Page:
20 August, 2015

The Baconian Cypher

After reading over some of my old blog posts, I felt inspired to write another cryptography post. I really enjoy the topic and I like keeping a record of codes I study with these little monographs.

In this post I will discuss the Baconian Cypher. I first heard about this cypher from an old Sherlock Holmes radio program by the same name. It was created by renaissance man, Sir Francis Bacon, hence it's name. Without further ado, I present to you the Baconian Cypher.

A   00000   G     00110   N    01100   T     10010
B   00001   H     00111   O    01101   U/V   10011
C   00010   I/J   01000   P    01110   W     10010
D   00011   K     01001   Q    01111   X     10101
E   00100   L     01010   R    10000   Y     10110
F   00101   M     01011   S    10001   Z     10111
Traditionally As and Bs are used for illustrating the cypher, but like Morse Code, one only needs to use a two choice operator, i.e. on/off, true/false, dot/dash, or as in my case, 1s and 0s, like binary. It is, in fact similar to binary, but I won't go into that right now. Because of this two choice operation, the cypher can be used in a wide range of uses. I'll be explaining the most common use of this cypher, which is hiding a message in non-related text.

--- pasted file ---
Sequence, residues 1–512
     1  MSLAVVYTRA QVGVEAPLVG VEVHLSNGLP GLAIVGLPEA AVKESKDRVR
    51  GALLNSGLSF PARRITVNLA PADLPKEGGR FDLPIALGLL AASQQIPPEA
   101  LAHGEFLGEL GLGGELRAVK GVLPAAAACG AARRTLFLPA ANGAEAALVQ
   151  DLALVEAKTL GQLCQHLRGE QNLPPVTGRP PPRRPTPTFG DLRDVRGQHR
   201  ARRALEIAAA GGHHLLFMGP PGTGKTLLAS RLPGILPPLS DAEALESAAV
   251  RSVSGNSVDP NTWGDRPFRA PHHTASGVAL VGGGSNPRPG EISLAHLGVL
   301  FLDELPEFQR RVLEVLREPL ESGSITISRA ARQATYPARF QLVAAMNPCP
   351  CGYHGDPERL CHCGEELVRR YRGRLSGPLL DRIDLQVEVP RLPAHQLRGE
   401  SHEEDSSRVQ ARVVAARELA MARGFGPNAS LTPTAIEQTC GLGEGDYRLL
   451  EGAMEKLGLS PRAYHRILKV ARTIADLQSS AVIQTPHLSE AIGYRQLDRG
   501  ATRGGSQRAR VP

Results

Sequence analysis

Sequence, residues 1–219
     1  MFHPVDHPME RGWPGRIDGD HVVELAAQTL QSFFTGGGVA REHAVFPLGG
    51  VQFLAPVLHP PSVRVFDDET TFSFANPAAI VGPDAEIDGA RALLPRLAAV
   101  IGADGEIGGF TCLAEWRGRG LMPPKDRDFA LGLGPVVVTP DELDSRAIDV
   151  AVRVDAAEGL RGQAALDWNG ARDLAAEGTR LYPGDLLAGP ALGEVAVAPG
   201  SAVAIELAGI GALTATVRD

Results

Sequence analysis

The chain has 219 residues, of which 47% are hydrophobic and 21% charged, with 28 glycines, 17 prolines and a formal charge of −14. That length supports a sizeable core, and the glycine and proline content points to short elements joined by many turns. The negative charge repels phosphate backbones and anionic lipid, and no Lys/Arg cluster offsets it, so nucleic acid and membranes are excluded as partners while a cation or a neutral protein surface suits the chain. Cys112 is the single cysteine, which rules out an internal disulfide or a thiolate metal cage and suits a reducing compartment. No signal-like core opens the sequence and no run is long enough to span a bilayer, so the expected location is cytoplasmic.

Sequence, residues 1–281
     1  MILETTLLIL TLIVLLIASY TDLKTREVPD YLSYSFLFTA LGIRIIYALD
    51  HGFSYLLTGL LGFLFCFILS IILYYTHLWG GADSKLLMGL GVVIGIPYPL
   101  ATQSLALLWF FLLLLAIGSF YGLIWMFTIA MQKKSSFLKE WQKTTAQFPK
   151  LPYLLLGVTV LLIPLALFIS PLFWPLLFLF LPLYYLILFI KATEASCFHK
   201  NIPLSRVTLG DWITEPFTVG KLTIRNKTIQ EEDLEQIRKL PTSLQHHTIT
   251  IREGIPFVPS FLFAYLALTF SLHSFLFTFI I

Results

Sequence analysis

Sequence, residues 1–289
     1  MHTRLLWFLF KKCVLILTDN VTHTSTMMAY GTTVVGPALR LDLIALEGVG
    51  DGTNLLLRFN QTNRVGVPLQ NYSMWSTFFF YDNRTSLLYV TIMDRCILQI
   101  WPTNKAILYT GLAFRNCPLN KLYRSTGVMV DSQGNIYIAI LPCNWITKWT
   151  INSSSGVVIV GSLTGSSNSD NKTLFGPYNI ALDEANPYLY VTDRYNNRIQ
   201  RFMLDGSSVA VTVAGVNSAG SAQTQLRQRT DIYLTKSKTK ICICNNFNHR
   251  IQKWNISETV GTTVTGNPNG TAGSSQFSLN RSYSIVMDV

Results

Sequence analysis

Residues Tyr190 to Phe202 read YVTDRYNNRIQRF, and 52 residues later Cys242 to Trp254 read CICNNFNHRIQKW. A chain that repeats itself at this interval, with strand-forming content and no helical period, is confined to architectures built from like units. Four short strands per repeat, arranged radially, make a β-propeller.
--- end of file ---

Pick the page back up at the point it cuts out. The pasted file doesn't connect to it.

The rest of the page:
Say I want to encode the word "now". I would take the pattern from N, O, and W, and it would look like this: 011000110110010.

Now take a text 15 characters long (because "now" has 3 letters and each letter of the encoded text needs 5 characters in the text, 3*5=15). I will use "A Study in Purple." including the period as an additional character.

I will leave the 0 letters as they are and then put the 1 letters in bold, but one could italicize them, underline them, or use a different font, so long as a distinction between 0s and 1s can be made. It looks like this:

"A Study in Purple."

This could can be used with a book: all one would have to do is underline letters (or even whole sentences) to form "1"s.